Many people, especially those in Western style democracies, believe in rights. It is often accepted that people have rights that protect them and even entitle them to certain things. It is generally accepted that such rights must be respected under most conditions.
This method is involves assessing the action, policy, etc. in terms of whether it is in accord with such rights. This method is based on rights theory-the view that people and perhaps other beings have moral rights. Thinkers such as Locke, Rousseau and Hobbes have put forth theories of rights.
While rights theories have a great deal of appeal, they are also subject to debate. There are numerous criticisms of particular rights as well as rights theory in general.
While they often overlap, it is important not to confuse moral rights with legal rights. Law and morality are distinct areas, although arguments can be made that link moral rights and legal rights. In order to do this, the method of mixing norms can be employed.
There are two variations on this method. Each has three general steps.
Step 1: Argue for right Y.
Step 2: Argue that. X violates (or does not violate) right Y.
Step 3: Conclude that X is not morally acceptable (or is acceptable).
Step 1: Argue for right Y.
Step 2: Argue that. X is required by right Y.
Step 3: Conclude that X is morally obligatory.
This method generally requires providing the audience with a reason (argument) that supports the right. In some cases this might involve using another method or a moral theory. One way to argue for a right is to use an existing moral theory that argues for the right you need. For example, an argument involving a right to liberty could be based on John Locke’s theory. Another way to do this is to use a right that has been established in another area, such as law, and use mixing norms to argue that it should be a moral right as well. For example, you might argue from the legal right of the free press to a moral right against censorship.
Censorship has often been proposed to protect people from the alleged harms of violent and sexually explicit media. Censorship can be argued against by arguing that people have a right to freedom of expression. If this right can be established, it can be concluded that such censorship is not acceptable.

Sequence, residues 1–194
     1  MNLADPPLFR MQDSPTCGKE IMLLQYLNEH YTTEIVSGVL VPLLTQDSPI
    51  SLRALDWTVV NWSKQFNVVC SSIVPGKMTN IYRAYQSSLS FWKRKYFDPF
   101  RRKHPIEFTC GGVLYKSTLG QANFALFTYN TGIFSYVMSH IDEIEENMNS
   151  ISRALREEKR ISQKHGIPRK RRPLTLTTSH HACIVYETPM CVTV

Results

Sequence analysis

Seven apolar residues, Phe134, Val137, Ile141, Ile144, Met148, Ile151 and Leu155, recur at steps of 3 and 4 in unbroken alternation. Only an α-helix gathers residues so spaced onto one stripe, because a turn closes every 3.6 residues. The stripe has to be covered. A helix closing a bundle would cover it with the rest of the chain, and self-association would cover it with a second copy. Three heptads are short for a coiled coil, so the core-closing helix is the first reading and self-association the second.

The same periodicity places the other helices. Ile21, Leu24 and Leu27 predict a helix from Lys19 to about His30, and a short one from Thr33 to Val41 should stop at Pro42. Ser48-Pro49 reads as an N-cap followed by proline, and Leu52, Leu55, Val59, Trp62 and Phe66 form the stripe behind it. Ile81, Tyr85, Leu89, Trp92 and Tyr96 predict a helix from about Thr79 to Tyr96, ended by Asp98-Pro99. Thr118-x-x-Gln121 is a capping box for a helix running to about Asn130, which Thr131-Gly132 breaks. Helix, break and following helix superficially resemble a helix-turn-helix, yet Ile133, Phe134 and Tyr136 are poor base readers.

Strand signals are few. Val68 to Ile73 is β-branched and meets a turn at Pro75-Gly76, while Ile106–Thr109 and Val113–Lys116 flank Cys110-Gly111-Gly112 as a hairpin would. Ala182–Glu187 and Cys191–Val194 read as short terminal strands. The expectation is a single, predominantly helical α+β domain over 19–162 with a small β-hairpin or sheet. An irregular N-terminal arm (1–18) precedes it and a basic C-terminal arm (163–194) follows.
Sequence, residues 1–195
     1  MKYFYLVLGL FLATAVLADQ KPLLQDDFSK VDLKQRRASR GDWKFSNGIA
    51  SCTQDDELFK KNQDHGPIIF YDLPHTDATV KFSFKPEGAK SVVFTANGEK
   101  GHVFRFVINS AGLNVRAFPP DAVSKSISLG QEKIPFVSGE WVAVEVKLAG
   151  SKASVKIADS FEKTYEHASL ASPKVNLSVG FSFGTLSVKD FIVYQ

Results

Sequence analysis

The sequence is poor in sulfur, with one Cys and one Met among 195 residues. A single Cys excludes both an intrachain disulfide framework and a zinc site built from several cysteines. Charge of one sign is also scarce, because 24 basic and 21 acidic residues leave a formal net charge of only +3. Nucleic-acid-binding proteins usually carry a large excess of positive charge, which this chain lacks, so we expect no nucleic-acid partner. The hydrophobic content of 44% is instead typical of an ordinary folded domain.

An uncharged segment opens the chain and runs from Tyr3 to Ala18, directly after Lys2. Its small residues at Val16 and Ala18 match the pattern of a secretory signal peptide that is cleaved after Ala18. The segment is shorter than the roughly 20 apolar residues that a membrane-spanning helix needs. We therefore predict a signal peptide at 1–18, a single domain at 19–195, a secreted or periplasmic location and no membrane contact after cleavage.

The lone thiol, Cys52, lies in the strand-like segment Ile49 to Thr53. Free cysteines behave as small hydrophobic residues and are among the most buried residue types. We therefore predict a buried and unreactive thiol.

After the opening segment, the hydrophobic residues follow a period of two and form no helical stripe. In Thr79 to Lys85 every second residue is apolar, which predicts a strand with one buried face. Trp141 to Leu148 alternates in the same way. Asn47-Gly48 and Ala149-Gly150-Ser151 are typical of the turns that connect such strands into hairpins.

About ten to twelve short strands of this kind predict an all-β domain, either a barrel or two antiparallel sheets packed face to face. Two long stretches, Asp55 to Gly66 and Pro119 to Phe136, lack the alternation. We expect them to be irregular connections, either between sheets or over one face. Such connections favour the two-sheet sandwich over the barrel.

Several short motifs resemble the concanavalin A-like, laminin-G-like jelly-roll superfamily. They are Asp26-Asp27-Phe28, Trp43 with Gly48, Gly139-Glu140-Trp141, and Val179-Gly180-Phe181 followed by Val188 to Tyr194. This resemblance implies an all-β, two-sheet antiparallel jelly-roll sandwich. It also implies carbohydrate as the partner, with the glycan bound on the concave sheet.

There are a variety of ways to respond to this method. The first is by arguing against there being such a right or by arguing that the right is incorrectly applied. . If the right is successfully attacked, then the argument is undercut. The type of attack varies depending on the right and the circumstances. It might be argued that the right is not a legitimate right. For example, if someone makes an argument based on an alleged right granting total freedom of expression, then this could be countered by arguing that there is no such total right. It might also be argued that a more important right overrides the right. For example, someone might argue against abortion rights by arguing that the right to make choices is overridden by the right to life.
A second way to reply is to use an appeal to consequences. In this it would be argued that the consequences morally override the right. For example, consider the matter of censorship. While it is generally accepted that people have a right to free expression, it is also accepted that this right is not absolute-a person has no right to slander another. While censorship would run against the right of free expression, the harms produced by certain works justify censoring them, just as it would be justified to quiet a person yelling “fire” in a crowded, but fire-free theatre.
A third way of replying is to use the appeal to rules method. It can be argued that a moral rule overrides the right in question. For example, people are supposed to have a right to life and property, but they can be justly deprived of them by a rule of due punishment.
A fourth way is to use some other method of moral reasoning to counter the appeal to the right.
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